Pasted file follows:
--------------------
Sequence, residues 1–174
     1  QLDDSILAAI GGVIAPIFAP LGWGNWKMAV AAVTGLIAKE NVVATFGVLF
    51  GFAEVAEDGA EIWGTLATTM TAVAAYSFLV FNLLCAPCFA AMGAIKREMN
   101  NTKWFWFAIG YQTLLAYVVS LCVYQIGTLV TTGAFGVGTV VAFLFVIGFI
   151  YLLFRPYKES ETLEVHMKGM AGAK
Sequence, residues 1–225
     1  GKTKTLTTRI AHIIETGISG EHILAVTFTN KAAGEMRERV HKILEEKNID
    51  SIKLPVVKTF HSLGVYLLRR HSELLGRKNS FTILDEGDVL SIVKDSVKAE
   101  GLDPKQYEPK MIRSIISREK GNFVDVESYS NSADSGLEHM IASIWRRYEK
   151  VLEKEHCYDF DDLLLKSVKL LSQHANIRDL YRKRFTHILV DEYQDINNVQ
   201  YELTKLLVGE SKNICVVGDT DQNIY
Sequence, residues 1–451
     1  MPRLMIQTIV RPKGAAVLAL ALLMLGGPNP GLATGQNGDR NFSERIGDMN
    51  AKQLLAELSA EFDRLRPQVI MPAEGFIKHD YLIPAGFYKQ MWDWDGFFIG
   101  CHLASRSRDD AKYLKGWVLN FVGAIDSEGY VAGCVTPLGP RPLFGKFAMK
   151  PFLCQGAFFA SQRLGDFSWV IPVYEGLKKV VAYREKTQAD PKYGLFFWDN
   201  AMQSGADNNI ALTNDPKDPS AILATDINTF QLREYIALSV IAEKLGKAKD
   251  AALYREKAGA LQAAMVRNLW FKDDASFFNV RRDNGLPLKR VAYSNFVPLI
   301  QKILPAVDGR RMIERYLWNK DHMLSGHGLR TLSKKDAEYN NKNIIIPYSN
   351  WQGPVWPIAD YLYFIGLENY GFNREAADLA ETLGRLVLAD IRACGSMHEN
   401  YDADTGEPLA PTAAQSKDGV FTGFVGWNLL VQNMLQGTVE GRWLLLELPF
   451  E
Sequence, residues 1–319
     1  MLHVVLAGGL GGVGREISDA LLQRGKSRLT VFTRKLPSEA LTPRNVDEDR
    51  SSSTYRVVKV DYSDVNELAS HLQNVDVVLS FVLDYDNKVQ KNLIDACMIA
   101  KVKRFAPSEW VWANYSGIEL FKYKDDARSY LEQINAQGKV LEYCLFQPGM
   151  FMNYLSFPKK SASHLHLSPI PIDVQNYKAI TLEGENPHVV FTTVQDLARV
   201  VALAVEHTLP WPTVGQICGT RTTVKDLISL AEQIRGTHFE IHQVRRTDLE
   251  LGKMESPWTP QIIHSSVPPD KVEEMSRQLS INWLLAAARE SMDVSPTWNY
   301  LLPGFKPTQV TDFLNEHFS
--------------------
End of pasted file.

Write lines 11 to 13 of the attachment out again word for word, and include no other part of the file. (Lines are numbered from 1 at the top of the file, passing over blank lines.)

   201  YELTKLLVGE SKNICVVGDT DQNIY
Sequence, residues 1–451
     1  MPRLMIQTIV RPKGAAVLAL ALLMLGGPNP GLATGQNGDR NFSERIGDMN